Friday, January 27, 2023


 This is Joseph

I wanted to highlight this recent article by Chris Dillow. He doesn't use quite the examples that I would but it is very much a critique of how we have ended up creating a rather fragile system. 

The auto industry was a pioneer of just in time inventory, which was a major savings and a notable improvement in efficiency. But the global shortage of computer chips for cars was a clear example of that system not building in redundancy for a slowdown in sales nor could it pivot quickly when there was a supply interruption. 

Medical systems in Canada experienced a great deal of cuts over the years, to try and save on costs. Health economists convinced premier Bob Rae that you could save costs by reducing capacity, a goal continued by many left of center successors.  This worked well, at first, by increasing efficiency and forcing the health care system to focus on priority cases. But it was left mortally vulnerable to a demand side shock (like a pandemic). It is also notable that they kept this process up even as the large baby boom cohort aged, creating exactly the inverse age pyramid that accelerates a crisis. 

Chris Dillow's conclusion is exactly right:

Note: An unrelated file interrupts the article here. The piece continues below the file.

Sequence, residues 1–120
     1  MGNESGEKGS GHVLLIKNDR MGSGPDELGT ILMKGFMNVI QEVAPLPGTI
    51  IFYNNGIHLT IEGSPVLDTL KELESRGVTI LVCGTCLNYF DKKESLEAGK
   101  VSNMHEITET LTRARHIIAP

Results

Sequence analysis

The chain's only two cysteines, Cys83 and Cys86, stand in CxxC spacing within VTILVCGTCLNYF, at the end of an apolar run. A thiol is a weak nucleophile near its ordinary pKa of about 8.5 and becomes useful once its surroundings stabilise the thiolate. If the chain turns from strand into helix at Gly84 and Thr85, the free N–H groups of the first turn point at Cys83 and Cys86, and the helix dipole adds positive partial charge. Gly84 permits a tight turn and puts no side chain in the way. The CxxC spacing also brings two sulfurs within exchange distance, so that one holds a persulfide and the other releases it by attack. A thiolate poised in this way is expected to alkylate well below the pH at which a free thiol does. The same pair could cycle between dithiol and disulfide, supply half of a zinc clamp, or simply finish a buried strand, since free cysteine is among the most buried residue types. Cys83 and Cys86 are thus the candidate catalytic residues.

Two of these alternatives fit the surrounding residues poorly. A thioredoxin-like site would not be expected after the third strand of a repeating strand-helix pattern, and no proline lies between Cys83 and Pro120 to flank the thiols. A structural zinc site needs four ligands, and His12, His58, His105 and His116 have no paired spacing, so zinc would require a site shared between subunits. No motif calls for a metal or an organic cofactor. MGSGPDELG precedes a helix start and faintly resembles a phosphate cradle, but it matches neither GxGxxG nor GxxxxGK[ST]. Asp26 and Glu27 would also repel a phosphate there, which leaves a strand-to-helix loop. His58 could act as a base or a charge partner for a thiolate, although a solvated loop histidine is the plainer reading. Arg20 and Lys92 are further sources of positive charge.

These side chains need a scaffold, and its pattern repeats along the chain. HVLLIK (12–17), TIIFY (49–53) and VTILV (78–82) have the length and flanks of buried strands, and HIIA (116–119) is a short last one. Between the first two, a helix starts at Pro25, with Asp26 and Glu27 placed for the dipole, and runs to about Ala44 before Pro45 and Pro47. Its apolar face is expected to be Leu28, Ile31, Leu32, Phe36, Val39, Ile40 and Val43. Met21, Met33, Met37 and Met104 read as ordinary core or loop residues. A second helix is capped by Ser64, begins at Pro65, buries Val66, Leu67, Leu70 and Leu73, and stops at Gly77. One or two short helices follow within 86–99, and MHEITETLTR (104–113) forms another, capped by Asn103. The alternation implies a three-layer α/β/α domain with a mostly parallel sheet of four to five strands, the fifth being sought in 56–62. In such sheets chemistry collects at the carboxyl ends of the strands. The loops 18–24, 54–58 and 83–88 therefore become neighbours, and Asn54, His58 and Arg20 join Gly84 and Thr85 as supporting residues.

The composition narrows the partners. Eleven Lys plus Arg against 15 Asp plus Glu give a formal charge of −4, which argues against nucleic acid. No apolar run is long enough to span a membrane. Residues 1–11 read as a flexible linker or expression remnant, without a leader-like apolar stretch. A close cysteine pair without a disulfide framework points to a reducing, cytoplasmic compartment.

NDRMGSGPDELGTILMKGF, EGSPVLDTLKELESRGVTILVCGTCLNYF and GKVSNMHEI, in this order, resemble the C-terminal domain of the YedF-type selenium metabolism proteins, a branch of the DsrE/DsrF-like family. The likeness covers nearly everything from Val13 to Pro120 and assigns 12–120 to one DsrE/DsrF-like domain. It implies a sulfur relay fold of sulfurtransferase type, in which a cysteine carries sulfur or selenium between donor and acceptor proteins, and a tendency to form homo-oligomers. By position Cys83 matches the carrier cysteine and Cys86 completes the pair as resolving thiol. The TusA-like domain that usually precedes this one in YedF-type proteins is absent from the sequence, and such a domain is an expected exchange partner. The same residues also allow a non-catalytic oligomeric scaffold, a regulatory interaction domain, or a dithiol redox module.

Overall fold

This issue is, however, off the political agenda. One of the many defects of our political debate is a belief that things will be tolerable if only we could find the right people; this is Bonnie Tylerism, holding out for a hero. This, however, is the wrong question. We should be looking not for good people but for the right institutions, selection mechanisms and processes - devices which would make our economy and politics more resilient to idiots or crooks

In many ways this is also a critique of the general culture of needing "the right people" or the "lone genius" model of success. Mark has been discussing a famous businessman lately, and part of what makes that situation so clearly tragic is that good business plans should still work if the leader is distracted by acquiring a social media company. The corporate plan should also include the real world challenges that arise, when considering realistic targets.  The same way that people say that a policy would have worked had it been "done right" need to accept human fallibility as a design constraint for a good plan. 

None of this is to say that efficiency is bad or that we need to guard against every conceivable tail risk. But I suspect the last few years would have gone better in Canada if there had been a modicum of planning around "what if something goes wrong?".

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